Many transgender students, regardless of age and background, face so many barriers when it comes to approaching higher education. From micro to macro, there are obstacles and landmines along the way that make accessibility difficult. It’s often on us to find resources specific to our experience that can help us find the right schools, funding opportunities, and support networks. This can feel like an insurmountable task even with professional and personal guidance and support.
Many of us have lost emotional, social, financial, and other means of support from our families and communities upon coming out, which can lead us to feel that academia and success are distant dreams we’re no longer a match for. Trans people are at a higher risk of facing hiring and workplace discrimination, making it harder for us to find and maintain employment. As many of us struggle to make ends meet financially to meet basic needs, we aren’t able to take on the additional financial responsibility of paying for school.
Many of us come from communities and schools that don’t understand our unique needs and us. If we’re lucky to have advisors, counselors, teachers, and staff that are well-meaning and supportive, due to structural failures that plague our education system, many aren’t equipped with the training and knowledge of resources to support trans people in finding trans-inclusive institutions and programs, funding and scholarship opportunities, and other important resources. In my own personal experience, I had to figure out the process on my own, which was daunting, discouraging, and felt sometimes impossible.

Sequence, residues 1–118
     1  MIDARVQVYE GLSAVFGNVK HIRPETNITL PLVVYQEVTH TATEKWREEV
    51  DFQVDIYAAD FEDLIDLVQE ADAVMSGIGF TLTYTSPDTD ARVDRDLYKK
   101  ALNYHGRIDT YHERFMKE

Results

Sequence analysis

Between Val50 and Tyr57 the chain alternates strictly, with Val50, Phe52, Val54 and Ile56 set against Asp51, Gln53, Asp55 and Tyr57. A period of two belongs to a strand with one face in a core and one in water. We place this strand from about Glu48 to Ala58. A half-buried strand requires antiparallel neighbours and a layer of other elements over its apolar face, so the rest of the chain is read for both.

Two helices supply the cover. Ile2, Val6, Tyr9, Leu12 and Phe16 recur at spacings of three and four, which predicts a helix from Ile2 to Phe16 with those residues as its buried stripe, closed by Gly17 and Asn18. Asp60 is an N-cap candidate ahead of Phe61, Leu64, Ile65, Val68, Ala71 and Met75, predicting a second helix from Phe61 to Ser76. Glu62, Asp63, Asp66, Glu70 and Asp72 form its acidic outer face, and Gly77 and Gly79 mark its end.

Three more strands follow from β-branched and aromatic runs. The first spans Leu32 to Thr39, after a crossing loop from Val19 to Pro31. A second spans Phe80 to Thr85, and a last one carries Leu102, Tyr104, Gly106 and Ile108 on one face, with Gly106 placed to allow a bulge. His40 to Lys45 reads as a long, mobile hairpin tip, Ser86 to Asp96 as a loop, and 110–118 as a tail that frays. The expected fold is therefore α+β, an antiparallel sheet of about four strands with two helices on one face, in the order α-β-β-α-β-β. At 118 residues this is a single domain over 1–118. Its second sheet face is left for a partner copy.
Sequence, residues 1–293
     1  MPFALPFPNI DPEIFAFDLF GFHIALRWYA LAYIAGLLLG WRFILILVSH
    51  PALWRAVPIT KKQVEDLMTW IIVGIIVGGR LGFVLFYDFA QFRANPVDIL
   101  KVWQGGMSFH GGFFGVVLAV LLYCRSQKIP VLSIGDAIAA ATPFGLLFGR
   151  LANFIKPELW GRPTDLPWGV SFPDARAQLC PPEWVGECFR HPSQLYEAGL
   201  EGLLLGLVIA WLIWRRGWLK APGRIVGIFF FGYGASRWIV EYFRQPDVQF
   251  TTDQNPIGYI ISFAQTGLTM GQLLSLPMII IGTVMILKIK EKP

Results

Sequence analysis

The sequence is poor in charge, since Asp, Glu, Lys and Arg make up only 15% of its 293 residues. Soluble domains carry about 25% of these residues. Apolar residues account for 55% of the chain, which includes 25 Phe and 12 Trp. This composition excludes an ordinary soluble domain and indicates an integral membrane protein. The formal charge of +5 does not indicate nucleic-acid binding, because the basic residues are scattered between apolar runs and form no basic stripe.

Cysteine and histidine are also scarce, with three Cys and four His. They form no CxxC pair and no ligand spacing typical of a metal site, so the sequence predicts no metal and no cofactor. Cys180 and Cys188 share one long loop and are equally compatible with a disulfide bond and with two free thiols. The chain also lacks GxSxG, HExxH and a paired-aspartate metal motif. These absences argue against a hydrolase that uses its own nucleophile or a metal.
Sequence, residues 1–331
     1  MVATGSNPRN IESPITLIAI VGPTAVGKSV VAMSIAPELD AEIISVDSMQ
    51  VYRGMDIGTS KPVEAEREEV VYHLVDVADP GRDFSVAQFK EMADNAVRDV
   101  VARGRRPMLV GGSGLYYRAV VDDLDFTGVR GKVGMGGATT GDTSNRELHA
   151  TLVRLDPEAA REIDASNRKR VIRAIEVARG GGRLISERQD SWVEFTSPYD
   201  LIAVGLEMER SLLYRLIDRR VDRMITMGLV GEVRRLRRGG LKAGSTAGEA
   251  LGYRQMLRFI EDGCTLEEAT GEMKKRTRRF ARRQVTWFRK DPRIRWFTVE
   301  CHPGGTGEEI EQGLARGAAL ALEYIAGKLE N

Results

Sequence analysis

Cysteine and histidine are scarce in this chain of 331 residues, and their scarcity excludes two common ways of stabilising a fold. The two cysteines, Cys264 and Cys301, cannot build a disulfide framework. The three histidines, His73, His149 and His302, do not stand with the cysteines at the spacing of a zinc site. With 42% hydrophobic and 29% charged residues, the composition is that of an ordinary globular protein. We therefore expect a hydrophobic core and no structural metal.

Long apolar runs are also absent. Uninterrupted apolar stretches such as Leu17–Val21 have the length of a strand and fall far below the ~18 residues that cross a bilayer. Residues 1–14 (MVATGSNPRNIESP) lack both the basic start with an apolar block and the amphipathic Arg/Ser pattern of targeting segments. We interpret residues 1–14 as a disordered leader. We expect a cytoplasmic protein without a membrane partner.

In my search for funding, there were few scholarships, grants, and other funding resources geared toward trans students, and the ones I found were not easy to come by. The vast majority of college and scholarship applications out there still reflect outdated concepts about gender and sex, requiring applicants to enter legal names only and choose between male or female, without options to self-identify beyond legal sex defined at birth. This leads us to ask if these institutions and funds are even open to us. Is there even a point to put ourselves out there to apply? Beyond this, it’s still true that transgender college students are more likely than other groups to face mental health struggles and many institutions remain behind in offering enough support to meet our needs. Many of us feel concerned about whether or not we’ll be accepted and respected by students, faculty, and staff. Do we belong in these spaces? Is it safe for us to learn and thrive? Seeing as we face discrimination and hostility in many areas of our lives, in society at large, and we’ve already had harmful or negative experiences in school, we wonder if higher education will be different.
The truth is that every institution benefits from the presence and participation of trans people. We bring important perspectives and experiences to all spaces we find ourselves in, especially learning environments. In this way, it’s a gift that the Transgender First scholarship exists to support the educational careers of trans students.
is a writer, performer, healer, feeler, weirdo witch from the great beyond.